Insurer-dominated Supreme Court overturns lower courts' fee award against insurer
This week the Michigan Supreme Court overturned two lower courts' decisions that United Servs. Auto Ass'n should owe attorneys fees for late payment of PIP benefits. The insurer was the PIP insurer of a motor vehicle in which a woman named Rana Rayes was a passenger. During an alcohol-fueled argument with her driver-boyfriend, Rayes opened the car door and jumped from the vehicle. She suffered serious injuries which the insurer initially claimed were intentionally self-inflicted.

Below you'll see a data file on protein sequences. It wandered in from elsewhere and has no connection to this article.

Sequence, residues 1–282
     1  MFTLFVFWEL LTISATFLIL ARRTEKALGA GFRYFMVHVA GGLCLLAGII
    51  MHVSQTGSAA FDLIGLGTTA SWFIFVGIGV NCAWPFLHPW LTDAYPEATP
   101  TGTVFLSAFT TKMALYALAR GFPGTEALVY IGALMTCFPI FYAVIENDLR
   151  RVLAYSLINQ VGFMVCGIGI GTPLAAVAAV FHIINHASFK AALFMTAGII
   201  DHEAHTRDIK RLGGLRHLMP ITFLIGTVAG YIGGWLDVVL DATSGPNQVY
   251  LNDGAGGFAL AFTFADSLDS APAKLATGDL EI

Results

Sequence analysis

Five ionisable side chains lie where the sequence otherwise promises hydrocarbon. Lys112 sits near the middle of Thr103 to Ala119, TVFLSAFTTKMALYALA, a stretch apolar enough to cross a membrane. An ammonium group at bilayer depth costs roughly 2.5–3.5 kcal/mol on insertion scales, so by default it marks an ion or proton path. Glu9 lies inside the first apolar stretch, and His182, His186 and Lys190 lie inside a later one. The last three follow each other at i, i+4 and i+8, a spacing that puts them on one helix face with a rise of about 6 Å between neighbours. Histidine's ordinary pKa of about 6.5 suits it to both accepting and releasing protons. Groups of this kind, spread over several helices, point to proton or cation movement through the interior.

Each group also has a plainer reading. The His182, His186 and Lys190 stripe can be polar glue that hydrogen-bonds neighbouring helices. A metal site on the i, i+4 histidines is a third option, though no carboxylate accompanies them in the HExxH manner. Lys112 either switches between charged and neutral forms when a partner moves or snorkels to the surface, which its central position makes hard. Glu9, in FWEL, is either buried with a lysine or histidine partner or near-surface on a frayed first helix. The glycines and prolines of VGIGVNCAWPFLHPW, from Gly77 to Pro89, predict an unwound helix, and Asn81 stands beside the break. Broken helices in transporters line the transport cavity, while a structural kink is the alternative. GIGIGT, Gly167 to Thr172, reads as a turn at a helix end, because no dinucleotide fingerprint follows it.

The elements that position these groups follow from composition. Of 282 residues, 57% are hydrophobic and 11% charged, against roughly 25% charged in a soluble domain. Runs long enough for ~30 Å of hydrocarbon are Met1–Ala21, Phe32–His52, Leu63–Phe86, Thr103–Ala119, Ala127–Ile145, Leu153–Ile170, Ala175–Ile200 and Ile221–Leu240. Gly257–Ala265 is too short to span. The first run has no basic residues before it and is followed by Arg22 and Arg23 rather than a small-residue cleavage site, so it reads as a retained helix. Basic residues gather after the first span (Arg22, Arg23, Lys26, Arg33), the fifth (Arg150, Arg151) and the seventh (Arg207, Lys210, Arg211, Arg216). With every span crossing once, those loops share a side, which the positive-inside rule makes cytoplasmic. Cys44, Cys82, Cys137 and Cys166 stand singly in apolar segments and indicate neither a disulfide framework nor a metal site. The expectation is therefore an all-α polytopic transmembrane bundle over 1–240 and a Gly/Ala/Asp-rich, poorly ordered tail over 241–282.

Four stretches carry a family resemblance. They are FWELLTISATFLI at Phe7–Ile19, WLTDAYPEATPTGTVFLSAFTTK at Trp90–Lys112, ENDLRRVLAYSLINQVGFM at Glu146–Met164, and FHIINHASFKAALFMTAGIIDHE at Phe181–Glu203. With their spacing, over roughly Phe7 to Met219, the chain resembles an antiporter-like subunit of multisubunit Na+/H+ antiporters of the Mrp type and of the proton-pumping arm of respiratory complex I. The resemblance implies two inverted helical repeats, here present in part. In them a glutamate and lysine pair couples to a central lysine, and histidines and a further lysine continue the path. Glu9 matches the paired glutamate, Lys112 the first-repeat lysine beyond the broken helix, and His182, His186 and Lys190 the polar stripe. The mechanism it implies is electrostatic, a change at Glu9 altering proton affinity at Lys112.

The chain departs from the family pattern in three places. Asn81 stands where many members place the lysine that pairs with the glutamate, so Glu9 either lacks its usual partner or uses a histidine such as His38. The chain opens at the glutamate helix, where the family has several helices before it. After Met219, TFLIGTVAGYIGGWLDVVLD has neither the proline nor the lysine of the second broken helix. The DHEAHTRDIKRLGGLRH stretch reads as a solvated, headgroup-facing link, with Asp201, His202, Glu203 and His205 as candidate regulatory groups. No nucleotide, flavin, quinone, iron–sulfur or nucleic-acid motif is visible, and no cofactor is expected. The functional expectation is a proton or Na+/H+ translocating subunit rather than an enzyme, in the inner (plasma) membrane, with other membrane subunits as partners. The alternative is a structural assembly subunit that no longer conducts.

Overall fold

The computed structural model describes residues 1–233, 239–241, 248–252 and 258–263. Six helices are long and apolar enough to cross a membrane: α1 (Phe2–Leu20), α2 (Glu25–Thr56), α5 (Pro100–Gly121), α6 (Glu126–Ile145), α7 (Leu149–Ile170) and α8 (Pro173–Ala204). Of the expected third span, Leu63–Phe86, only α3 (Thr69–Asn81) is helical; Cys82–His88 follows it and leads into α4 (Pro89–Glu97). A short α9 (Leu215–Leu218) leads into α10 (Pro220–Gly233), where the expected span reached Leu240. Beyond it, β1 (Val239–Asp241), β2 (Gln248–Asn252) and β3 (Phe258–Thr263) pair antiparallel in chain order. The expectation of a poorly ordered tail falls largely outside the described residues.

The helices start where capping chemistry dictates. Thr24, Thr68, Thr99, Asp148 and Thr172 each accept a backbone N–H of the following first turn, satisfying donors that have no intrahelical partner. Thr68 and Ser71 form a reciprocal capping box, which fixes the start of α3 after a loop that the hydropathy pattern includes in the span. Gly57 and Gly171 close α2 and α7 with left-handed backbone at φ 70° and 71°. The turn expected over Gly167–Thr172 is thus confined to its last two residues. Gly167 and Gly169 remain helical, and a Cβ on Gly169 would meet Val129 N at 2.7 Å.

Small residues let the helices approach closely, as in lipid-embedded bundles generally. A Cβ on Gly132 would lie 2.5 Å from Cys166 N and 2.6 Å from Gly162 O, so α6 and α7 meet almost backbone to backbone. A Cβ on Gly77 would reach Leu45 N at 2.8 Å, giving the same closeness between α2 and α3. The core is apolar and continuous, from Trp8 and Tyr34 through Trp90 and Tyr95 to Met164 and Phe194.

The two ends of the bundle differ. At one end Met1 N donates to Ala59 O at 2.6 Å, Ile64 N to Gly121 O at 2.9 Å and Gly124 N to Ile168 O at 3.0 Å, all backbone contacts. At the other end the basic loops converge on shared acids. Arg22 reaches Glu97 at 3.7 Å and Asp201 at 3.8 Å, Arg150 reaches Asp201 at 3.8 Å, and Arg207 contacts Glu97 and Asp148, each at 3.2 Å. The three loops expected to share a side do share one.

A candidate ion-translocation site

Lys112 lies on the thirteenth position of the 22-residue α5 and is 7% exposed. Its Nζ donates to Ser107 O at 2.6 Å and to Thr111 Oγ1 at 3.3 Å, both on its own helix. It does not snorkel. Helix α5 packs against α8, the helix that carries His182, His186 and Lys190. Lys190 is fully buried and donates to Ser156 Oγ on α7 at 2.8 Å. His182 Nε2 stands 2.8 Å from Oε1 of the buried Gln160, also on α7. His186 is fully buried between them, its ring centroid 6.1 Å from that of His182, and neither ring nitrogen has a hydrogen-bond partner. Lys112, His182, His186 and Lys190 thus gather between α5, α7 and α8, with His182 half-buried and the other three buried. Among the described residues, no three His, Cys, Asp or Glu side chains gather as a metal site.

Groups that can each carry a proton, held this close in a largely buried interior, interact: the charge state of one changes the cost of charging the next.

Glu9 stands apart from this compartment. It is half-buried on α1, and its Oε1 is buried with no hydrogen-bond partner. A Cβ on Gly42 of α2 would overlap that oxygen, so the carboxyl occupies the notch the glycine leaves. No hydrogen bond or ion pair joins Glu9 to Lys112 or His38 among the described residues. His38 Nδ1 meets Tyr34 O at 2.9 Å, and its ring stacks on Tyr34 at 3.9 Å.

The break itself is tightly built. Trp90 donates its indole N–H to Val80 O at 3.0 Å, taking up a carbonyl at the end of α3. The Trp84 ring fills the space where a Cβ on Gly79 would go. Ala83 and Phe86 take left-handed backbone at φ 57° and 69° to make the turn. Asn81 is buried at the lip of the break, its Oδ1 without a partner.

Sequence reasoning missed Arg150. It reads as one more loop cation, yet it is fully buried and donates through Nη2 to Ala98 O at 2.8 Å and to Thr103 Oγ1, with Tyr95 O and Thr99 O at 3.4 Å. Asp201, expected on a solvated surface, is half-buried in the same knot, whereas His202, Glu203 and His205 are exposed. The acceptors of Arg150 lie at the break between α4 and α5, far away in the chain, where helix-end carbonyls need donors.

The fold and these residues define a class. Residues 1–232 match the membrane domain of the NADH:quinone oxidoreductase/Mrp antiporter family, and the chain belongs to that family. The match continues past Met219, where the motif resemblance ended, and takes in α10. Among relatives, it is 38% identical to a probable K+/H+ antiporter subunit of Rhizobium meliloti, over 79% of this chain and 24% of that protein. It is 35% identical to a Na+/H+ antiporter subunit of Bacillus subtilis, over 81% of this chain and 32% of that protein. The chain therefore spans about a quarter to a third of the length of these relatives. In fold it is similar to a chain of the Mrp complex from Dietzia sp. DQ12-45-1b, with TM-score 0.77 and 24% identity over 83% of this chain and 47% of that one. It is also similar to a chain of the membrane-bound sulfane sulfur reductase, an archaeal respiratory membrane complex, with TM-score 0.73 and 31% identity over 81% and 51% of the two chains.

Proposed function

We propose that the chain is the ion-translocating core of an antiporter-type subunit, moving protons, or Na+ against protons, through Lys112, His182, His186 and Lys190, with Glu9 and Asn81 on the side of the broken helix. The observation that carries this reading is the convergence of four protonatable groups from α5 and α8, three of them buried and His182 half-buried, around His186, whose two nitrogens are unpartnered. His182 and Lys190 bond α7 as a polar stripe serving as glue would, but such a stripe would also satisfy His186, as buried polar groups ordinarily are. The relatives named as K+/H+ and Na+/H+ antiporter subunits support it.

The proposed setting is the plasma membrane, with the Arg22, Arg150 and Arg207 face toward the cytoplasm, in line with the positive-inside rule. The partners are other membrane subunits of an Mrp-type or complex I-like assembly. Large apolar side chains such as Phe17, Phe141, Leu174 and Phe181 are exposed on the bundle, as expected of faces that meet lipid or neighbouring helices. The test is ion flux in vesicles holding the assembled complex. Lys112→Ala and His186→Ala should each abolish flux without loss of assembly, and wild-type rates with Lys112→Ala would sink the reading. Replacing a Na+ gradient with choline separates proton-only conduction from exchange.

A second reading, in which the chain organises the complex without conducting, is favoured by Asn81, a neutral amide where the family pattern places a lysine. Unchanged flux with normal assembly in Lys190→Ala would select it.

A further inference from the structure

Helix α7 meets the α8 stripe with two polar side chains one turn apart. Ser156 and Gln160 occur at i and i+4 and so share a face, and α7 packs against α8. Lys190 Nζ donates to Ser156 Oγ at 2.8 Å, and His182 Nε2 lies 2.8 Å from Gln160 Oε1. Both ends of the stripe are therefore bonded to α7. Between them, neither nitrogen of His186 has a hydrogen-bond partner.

Spectrum Health provided care to the woman and was awarded fees when it and Rayes' Conservator, Rimbey, prevailed in the PIP action. The lower courts had held that since the insurer had no evidence to support an intentional infliction of injury defense, the PIP benefits were "unreasonably denied" and attorneys fees were due. In a one paragraph holding, the high Court, dominated by insurance-oriented justices, merely held that no fees were payable because there existed a "legitimate question of factual uncertainty."